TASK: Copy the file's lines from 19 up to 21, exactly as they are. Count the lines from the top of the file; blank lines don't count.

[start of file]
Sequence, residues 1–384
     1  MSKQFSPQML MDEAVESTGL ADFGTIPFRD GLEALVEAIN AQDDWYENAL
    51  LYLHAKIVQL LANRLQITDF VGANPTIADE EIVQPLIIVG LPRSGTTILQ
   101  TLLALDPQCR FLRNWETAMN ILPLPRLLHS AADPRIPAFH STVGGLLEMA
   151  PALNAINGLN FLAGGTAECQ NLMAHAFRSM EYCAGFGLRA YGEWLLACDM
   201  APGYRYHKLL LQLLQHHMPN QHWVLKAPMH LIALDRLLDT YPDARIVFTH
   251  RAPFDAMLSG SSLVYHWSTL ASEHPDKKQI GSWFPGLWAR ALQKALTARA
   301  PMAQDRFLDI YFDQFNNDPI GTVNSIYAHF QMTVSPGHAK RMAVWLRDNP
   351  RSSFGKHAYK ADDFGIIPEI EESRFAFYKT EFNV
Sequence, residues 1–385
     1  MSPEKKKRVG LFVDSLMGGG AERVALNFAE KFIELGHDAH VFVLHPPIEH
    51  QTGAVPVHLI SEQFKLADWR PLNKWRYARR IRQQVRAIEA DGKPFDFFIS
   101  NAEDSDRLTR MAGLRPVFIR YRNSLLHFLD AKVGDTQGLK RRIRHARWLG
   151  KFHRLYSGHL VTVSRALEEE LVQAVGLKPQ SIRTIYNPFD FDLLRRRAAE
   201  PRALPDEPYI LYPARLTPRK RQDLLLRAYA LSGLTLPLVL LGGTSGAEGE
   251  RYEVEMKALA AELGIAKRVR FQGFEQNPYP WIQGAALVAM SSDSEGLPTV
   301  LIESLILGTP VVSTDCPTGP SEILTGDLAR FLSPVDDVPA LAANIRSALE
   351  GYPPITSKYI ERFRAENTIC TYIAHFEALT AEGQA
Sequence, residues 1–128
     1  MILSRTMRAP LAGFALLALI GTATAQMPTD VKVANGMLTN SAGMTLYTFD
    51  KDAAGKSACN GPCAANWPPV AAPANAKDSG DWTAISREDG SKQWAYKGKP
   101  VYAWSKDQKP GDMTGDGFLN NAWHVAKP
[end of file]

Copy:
Sequence, residues 1–128
     1  MILSRTMRAP LAGFALLALI GTATAQMPTD VKVANGMLTN SAGMTLYTFD
    51  KDAAGKSACN GPCAANWPPV AAPANAKDSG DWTAISREDG SKQWAYKGKP